World Cup Diaries: (5) from Russia with love, back to Middlesbrough

This is the final instalment of the World Cup diaries of Monsieur Salut’s nephew, Andy Falconer, a good lad for all that he supports Boro (as he would, having spent his entire life there). Now back home, Andy reflects on an intriguing if brief trip to Russia 2018 and describes what he encountered there with some affection.
At Salut! Sunderland, we’ve perhaps been more preoccupied with SAFC but may be the place to go if you want to study the form and have a flutter on the remaining stages of the World Cup or, indeed, League One promotion prospects …
Well, we’ve passed halfway in the World Cup, the group stage is over, knockout games are well underway and I’m back from my travels.
Four years ago, in Brazil, I was fortunate to have three weeks towards the end of the tournament. This time I got to enjoy the steady build-up, the gradual arrival of hundreds of thousands of fans from across the world and the shared acculturation.



Each edition of the World Cup brings surprise and excitement but I’ve really enjoyed this year’s opening phase. Lots of groups went to the wire (let’s ignore the game in Kaliningrad).

Given my Iran and Morocco games I was rooting for an upset in Group B. It never came, but it was still intriguing.

A few big boys scraped through and then, of course, Germany went out, the holders being dumped out at this point is seemingly now a pattern, rather than an exception.

If only there was a word for how the English revelled in that moment of humiliation… [I think the Germans have one, Andy, beginning with sch… – Ed] Is this the end of the German golden age? Is it a warning about hubris and complacency? Either way, it goes to show how football will always be gripping. There are no guarantees.

Skynet, I mean VAR, had its debut at a World Cup.
There are lots of legitimate critiques we need to wrestle with, for sure some refinements.
Does it break the charm of the game? I think not. Despite the inevitable teething problems and subjectivity I love its introduction. In the Morocco-Portugal game the fans in the Luzhniki were bemoaning it being underused.
I recall loads of pundits begging for video assistance years ago (remember Lampard’s disallowed goal in Bloemfontein in 2010?). Maybe we just like to complain. Or it’s an element of resistance to change. Drama will always be there. Once we let ourselves adjust we’ve got to anticipate more direct justice in the key moments. It’ll come good.
How about up and coming players? Well, the World Cup is a great glimpse into the developing game; players we rarely get to see on TV. As a Boro fan I feel like it’s been a while since a World Cup was where I’d see our next signing. Brathwaite is our sole representative this time. Nevertheless, there are some decent prospects.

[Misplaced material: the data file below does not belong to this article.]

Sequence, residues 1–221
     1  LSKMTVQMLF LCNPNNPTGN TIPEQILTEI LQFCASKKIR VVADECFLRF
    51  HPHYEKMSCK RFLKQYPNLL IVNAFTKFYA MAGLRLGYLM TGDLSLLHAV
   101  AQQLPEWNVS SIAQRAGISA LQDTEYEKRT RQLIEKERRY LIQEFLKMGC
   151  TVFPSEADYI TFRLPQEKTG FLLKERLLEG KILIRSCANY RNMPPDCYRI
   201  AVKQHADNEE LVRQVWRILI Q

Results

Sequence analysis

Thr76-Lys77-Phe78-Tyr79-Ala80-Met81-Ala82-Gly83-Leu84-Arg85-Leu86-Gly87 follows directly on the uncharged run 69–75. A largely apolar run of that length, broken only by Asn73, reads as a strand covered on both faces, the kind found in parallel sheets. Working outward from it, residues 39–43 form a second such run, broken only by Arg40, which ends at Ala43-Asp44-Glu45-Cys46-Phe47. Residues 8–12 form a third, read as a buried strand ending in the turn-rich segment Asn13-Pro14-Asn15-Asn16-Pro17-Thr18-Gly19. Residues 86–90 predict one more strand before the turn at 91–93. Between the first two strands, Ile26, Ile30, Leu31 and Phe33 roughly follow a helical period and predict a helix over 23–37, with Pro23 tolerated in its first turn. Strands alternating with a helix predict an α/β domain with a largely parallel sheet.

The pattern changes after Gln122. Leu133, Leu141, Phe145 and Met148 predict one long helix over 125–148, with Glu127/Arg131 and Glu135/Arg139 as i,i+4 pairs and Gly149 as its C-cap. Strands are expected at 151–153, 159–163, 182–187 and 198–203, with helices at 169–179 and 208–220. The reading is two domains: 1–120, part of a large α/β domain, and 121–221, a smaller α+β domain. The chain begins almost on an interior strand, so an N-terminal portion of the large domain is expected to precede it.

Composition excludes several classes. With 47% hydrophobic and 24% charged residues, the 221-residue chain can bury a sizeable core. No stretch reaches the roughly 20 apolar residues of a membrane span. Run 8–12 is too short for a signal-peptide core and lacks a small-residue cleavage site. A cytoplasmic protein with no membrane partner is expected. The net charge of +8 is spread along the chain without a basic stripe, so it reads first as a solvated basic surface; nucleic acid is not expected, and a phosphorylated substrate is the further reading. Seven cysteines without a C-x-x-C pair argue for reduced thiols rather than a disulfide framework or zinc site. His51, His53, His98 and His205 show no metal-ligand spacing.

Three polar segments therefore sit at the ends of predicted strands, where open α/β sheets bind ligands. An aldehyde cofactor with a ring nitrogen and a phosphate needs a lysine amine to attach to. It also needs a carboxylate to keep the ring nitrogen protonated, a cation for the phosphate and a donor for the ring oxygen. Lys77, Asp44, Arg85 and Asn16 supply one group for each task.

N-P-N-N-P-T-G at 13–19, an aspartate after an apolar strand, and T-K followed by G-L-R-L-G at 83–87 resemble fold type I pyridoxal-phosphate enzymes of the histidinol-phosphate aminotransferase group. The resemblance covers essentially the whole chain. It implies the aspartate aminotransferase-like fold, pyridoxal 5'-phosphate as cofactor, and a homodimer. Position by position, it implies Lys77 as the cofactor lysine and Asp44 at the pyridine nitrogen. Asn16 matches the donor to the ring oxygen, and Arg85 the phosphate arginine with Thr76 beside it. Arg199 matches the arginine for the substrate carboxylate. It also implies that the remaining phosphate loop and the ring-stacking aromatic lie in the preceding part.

Andre Carillo will have boosted his valuation. Japan’s Honda was pretty impressive. I was hoping to see more of Milinkovic-Savic. That blend of toughness, tenacity and genuine skill hugely appeals to my sense of a strong midfield.
I’d like to see Brazil growing the confidence of their squad. They haven’t quite clicked but look capable of dominating the game once more. A Tite success, given his overhaul of a spent Brazil, may be a gift to world football.
So, as the sun has set on my time in Russia, I look forward to watching the knockout rounds back home. Russia is as contradictory a place as anywhere. Imagine such seismic changes and horrors in living memory!
Frankie Boyle captured this brilliantly in his pre-munidal documentary. And yet it is a stunning country. The depth of culture and civic responsibility is remarkable.
Many people seem largely apolitical, but very proud of their part in modern Russia. In the cities at least (and allowing for the atmosphere of a World Cup) I’ve never felt so safe while travelling.
Stranegly, I wasn’t hunted down by anti-British intelligence operatives or hooligans.
Public displays of affection are uncommon but there is a warmth under that exterior and I ended up in some great conversations with Russians.
In fact, I often felt an admirable directness that I’d like to learn from. Like I said last week, I wonder how the swarms of expressive, globally minded footy fans will influence emerging cultures there. Young people are so well connected already, but it’s different when that arrives in town en masse. I’d love to go back and visit again a couple years down the line.
Thanks for reading. Enjoy the rest of World Cup 2018.
* See previous items from Andy’s series by clicking on the image below:
Andy Falconer: ‘I love Sunderland really’

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